Linear cryptanalysis of DES, proposed by Matsui in 1993, has had a seminal impact on symmetric-key cryptography, having seen massive research efforts over the past two decades. It has spawned many variants, including multidimensional and zero-correlation linear cryptanalysis. These variants can claim best attacks on several ciphers, including present, Serpent, and CLEFIA. For DES, none of these variants have improved upon Matsui's original linear cryptanalysis, which has been the best known-plaintext key-recovery attack on the cipher ever since. In a revisit, Junod concluded that when using 2 43 known plain-texts, this attack has a complexity of 2 41 DES evaluations. His analysis relies on the standard assumptions of right-key equivalence and wrong-key randomisation.In this paper, we first investigate the validity of these fundamental assumptions when applied to DES. For the right key, we observe that strong linear approximations of DES have more than just one dominant trail and, thus, that the right keys are in fact inequivalent with respect to linear correlation. We therefore develop a new right-key model using Gaussian mixtures for approximations with several dominant trails. For the wrong key, we observe that the correlation of a strong approximation after the partial decryption with a wrong key still shows much non-randomness. To remedy this, we propose a novel wrong-key model that expresses the wrong-key linear correlation using a version of DES with more rounds. We extend the two models to the general case of multiple approximations, propose a likelihood-ratio classifier based on this generalisation, and show that it performs better than the classical Bayesian classifier.On the practical side, we find that the distributions of right-key correlations for multiple linear approximations of DES exhibit exploitable asymmetries. In particular, not all sign combinations in the correlation values are possible. This results in our improved multiple linear attack on DES using 4 linear approximations at a time. The lowest computational complexity of 2(38.86) DES evaluations is achieved when using 2(42.78) known plaintexts. Alternatively, using 2(41) plaintexts results in a computational complexity of 2(49.75) DES evaluations. We perform practical experiments to confirm our model. To our knowledge, this is the best attack on DES.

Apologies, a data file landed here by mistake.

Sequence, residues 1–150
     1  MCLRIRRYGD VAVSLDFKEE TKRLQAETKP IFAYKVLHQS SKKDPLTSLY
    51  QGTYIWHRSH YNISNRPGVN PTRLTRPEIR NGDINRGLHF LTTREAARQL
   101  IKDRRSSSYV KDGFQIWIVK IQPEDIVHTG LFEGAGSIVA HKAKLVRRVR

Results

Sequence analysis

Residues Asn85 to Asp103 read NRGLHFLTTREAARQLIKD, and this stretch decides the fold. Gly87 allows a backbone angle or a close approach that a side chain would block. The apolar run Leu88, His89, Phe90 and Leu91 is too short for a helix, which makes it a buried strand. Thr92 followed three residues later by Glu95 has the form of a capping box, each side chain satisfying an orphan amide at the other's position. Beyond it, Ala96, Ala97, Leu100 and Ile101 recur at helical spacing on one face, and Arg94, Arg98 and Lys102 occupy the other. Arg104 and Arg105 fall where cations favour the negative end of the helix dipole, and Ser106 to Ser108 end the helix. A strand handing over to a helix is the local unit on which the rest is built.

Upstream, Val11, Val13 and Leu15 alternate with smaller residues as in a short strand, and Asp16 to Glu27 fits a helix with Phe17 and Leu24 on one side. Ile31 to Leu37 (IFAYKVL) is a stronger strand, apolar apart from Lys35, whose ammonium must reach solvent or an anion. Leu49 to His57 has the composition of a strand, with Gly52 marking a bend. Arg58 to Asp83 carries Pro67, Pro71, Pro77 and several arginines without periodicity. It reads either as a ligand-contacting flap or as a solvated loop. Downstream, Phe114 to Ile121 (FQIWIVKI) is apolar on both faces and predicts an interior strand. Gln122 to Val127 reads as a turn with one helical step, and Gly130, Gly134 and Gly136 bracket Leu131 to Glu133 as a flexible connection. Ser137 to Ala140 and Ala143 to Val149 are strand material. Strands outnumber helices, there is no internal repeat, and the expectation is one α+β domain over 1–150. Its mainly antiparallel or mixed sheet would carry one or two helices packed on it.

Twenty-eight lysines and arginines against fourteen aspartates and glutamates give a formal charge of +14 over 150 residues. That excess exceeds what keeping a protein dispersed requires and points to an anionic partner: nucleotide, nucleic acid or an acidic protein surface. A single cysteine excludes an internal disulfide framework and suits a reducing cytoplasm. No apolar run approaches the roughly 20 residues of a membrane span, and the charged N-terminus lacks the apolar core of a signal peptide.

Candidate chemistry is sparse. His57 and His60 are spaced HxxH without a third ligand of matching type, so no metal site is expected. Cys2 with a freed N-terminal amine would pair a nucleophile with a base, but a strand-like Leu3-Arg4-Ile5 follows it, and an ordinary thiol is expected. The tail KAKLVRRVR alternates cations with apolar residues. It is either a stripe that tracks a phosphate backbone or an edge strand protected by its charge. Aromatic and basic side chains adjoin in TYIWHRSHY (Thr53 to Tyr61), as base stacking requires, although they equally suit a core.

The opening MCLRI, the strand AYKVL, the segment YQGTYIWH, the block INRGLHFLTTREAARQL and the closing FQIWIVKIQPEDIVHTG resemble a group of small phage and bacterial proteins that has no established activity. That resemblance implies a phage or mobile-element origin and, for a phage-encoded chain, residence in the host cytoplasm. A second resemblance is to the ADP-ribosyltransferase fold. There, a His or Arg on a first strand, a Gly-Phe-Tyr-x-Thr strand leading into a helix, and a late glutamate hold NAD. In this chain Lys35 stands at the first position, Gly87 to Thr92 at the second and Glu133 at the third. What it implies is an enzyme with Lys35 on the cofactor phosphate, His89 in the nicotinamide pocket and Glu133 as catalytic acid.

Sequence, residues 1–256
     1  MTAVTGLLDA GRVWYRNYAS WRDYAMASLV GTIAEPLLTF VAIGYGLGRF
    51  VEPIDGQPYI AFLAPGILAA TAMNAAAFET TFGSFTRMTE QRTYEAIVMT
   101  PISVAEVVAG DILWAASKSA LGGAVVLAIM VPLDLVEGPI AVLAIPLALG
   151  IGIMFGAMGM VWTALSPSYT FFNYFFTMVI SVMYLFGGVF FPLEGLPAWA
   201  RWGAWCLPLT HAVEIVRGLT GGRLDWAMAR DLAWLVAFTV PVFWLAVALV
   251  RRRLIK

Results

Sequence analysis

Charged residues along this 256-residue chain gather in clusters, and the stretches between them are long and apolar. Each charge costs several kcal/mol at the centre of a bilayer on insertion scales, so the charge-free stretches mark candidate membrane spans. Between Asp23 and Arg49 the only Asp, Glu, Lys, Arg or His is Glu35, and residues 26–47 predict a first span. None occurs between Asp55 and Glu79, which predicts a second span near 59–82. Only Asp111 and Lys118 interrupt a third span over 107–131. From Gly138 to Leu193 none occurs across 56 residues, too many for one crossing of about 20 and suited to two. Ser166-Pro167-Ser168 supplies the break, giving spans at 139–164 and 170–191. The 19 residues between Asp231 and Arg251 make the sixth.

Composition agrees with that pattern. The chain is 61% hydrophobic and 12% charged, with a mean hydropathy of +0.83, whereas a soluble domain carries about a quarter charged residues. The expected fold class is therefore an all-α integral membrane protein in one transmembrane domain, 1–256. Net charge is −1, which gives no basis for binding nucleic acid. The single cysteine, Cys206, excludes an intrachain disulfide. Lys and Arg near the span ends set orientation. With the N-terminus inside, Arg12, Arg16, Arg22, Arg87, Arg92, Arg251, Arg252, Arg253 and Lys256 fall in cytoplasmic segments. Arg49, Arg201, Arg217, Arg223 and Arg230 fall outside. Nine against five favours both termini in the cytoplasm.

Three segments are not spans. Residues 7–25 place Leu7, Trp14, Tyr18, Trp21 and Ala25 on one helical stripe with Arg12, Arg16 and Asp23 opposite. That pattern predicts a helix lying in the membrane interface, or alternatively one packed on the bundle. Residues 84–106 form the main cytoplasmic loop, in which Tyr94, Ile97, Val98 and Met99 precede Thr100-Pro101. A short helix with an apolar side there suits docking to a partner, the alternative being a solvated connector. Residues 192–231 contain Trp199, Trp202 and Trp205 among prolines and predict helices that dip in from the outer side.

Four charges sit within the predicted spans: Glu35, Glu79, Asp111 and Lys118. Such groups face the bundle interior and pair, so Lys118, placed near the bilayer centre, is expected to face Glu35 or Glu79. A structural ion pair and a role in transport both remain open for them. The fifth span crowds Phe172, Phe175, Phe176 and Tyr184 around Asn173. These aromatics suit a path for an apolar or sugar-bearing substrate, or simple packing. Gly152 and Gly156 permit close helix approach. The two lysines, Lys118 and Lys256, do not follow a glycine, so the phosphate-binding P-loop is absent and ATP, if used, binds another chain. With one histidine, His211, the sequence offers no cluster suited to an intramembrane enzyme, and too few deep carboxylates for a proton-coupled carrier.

|Conference||23rd International Conference on the Theory and Applications of Cryptology and Information Security|
|Period||03/12/2017 → 07/12/2017|
|Series||Lecture Notes in Computer Science|